Prospective Study
Copyright ©The Author(s) 2021. Published by Baishideng Publishing Group Inc. All rights reserved.
World J Gastroenterol. Nov 21, 2021; 27(43): 7563-7571
Published online Nov 21, 2021. doi: 10.3748/wjg.v27.i43.7563
Immunoglobulin G in non-alcoholic steatohepatitis predicts clinical outcome: A prospective multi-centre cohort study
Marianne Anastasia De Roza, Mehul Lamba, George Boon-Bee Goh, Johnathan Huey-Ming Lum, Mark Chang-Chuen Cheah, Jing Hieng Jeffrey Ngu
Marianne Anastasia De Roza, Johnathan Huey-Ming Lum, Department of Gastroenterology and Hepatology, Sengkang General Hospital, Singhealth, Singapore 544886, Singapore
Mehul Lamba, Jing Hieng Jeffrey Ngu, Department of Gastroenterology and Hepatology, Christchurch Hospital, Christchurch 8011, New Zealand
George Boon-Bee Goh, Mark Chang-Chuen Cheah, Department of Gastroenterology and Hepatology, Singapore General Hospital, Singapore 169608, Singapore
George Boon-Bee Goh, Duke-NUS Medical School, Singapore 169608, Singapore
Author contributions: De Roza MA contributed to study design, data collection and analysis, manuscript writing, critical Review and submission of manuscript; Lamda M contributed to study design, data collection and analysis, manuscript writing and review of manuscript; Goh GBB contributed to study design and critical review of manuscript; Cheah MCC and Lum JHM contributed to data collection; Ngu JHJ contributed to study design, writing and critical review of manuscript; and all authors read and approved the final manuscript.
Institutional review board statement: This study conforms to ethical guidelines and was approved by our institutional review board with waiver of patient consent.
Clinical trial registration statement: This study does not include any intervention and is not a randomized controlled trial.
Informed consent statement: Consent was not obtained as data was anonymized and protected with little to no risk of identification.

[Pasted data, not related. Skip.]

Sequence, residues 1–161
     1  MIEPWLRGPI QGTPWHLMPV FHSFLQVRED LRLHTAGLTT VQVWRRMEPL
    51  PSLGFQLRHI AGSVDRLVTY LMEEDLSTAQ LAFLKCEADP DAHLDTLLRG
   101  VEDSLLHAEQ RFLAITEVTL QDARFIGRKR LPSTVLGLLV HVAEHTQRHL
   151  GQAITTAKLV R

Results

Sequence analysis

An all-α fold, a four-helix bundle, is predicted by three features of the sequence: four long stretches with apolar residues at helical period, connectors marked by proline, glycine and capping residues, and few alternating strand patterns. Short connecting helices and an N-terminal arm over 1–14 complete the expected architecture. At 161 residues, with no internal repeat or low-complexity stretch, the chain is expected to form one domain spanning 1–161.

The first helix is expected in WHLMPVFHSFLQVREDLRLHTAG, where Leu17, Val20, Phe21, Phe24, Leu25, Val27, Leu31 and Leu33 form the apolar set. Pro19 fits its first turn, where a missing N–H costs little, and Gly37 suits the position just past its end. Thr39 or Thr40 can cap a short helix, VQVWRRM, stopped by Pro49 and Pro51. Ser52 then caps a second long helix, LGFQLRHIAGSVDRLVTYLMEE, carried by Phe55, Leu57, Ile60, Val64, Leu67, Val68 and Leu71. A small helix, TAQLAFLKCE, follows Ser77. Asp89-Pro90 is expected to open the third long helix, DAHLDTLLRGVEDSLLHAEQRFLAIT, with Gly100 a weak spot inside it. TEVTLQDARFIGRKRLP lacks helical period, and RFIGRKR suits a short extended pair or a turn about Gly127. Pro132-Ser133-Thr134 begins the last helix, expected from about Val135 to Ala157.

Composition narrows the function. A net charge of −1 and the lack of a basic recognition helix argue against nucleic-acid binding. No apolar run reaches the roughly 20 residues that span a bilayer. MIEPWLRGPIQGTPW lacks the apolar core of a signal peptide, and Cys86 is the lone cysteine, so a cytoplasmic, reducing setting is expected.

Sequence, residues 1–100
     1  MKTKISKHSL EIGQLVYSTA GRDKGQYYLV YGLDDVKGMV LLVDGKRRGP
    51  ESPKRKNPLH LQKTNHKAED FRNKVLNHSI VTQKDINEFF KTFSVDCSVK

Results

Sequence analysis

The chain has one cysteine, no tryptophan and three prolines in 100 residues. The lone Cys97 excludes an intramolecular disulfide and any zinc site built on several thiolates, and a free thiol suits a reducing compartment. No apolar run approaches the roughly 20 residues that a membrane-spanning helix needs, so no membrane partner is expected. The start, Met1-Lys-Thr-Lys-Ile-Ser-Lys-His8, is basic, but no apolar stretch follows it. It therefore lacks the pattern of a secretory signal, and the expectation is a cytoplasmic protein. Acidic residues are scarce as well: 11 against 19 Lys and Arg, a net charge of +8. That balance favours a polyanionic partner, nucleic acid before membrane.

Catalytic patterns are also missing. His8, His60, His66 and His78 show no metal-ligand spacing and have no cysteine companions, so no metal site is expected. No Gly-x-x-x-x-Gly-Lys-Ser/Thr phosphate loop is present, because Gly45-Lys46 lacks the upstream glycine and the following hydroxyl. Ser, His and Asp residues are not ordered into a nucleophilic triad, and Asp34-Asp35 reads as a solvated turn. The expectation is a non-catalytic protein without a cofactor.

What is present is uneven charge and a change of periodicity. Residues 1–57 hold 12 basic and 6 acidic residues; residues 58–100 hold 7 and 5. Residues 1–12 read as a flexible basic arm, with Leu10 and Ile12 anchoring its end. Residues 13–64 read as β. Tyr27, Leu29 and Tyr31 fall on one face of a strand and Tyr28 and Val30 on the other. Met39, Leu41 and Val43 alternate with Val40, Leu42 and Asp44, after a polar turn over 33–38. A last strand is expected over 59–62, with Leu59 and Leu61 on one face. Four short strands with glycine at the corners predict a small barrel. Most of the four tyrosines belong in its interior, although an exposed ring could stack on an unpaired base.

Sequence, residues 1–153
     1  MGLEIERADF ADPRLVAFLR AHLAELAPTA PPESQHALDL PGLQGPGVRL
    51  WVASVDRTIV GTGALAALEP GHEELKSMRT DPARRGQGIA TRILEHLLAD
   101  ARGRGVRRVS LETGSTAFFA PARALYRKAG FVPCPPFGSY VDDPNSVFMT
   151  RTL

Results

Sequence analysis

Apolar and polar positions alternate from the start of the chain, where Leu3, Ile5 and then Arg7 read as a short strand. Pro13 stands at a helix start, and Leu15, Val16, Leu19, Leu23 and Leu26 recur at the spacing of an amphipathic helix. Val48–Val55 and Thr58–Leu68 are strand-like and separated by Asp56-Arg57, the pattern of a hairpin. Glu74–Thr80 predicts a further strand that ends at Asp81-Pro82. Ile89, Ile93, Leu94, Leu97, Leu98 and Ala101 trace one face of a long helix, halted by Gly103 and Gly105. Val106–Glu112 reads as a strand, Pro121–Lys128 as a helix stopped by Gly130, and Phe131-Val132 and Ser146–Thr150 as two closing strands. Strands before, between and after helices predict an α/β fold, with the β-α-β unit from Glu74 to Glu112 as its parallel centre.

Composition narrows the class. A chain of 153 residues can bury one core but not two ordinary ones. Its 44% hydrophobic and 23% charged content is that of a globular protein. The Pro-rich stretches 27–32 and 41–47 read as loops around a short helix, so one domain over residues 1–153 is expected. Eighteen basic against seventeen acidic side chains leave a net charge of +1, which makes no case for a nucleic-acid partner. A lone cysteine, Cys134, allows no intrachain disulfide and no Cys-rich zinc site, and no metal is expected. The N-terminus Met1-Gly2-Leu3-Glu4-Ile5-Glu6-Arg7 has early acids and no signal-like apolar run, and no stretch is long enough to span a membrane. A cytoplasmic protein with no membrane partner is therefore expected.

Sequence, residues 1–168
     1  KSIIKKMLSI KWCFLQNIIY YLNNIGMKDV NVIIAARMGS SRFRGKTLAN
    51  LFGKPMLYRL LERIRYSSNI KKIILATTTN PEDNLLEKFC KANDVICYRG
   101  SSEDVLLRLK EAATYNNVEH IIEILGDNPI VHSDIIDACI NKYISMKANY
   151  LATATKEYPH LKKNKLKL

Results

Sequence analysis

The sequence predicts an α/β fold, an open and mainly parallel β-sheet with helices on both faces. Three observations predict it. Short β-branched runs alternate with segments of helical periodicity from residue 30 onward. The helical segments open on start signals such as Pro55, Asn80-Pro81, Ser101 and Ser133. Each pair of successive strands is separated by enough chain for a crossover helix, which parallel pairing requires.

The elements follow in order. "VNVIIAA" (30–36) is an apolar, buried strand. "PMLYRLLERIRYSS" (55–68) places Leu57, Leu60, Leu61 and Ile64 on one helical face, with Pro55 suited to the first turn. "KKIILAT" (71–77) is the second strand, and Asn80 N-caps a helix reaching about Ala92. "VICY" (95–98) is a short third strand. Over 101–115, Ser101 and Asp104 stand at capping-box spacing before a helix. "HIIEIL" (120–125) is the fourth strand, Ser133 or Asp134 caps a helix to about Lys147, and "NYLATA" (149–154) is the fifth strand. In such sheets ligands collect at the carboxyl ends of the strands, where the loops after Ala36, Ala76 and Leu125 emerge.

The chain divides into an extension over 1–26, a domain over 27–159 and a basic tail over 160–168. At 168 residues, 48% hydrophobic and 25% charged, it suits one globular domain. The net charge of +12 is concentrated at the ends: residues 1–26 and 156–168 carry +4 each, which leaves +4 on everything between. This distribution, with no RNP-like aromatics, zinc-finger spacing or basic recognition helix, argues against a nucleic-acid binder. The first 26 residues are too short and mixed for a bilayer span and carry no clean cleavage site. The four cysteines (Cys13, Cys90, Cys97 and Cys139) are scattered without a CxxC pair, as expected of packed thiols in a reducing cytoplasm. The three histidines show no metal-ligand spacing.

Conflict-of-interest statement: All authors declare there are no conflicts of interest. None of the authors received financial support or grants for this study.
Data sharing statement: Statistical code, and dataset is available from the corresponding author at
CONSORT 2010 statement: The manuscript was checked according to the CONSORT 2010.
Open-Access: This article is an open-access article that was selected by an in-house editor and fully peer-reviewed by external reviewers. It is distributed in accordance with the Creative Commons Attribution NonCommercial (CC BY-NC 4.0) license, which permits others to distribute, remix, adapt, build upon this work non-commercially, and license their derivative works on different terms, provided the original work is properly cited and the use is non-commercial. See:
Corresponding author: Jing Hieng Jeffrey Ngu, MBChB, FRACP, PhD, Academic Research, Consultant Physician-Scientist, Doctor, Department of Gastroenterology and Hepatology, Christchurch Hospital, Riccarton Avenue, Christchurch 8011, New Zealand.
Received: April 19, 2021
Peer-review started: April 19, 2021
First decision: June 23, 2021
Revised: July 20, 2021
Accepted: November 2, 2021
Article in press: November 2, 2021
Published online: November 21, 2021
Research background

Autoimmune markers such as immunoglobulin G (IgG), anti-nuclear antibody (ANA), anti-smooth-muscle antibody (ASMA) can be present in patients with Non-alcoholic steatohepatitis (NASH) but their clinical significance is not well studied.

Research motivation

Knowing the clinical significance of autoimmune markers in patients with biopsy proven NASH can pave the way for future research to better understand why certain sub-groups of patients with NASH deteriorate more rapidly.

Research objectives

This study aimed to determine if any of the autoimmune markers were independently associated with worse outcomes such as mortality and hepatic decompensation. This is important as such patients can be identified for closer monitoring.

Research methods

This is a prospective, multi-center study. Patients with biopsy proven NASH were included and multivariate analysis was performed to determine if any of the autoimmune markers (IgG, ANA, ASMA) were independent risk factors for mortality and hepatic decompensation

Research results

Elevated IgG was an independent risk factor for both mortality and liver decompensation after multivariate analysis with adjustment for age and fibrosis stage. The exact pathophysiology is unknown but IgG levels could possibly correlate to disease severity due to anti-endotoxins IgG and oxidative stress.

Research conclusions

Elevated IgG is an independent predictor of increased risk of liver decompensation and reduced survival in patients with NASH. It could represent a more aggressive NASH phenotype.

Research perspectives

Further research is needed to validate and reproduce this finding and to also establish the pathophysiology and underlying biochemical mechanisms for this observation.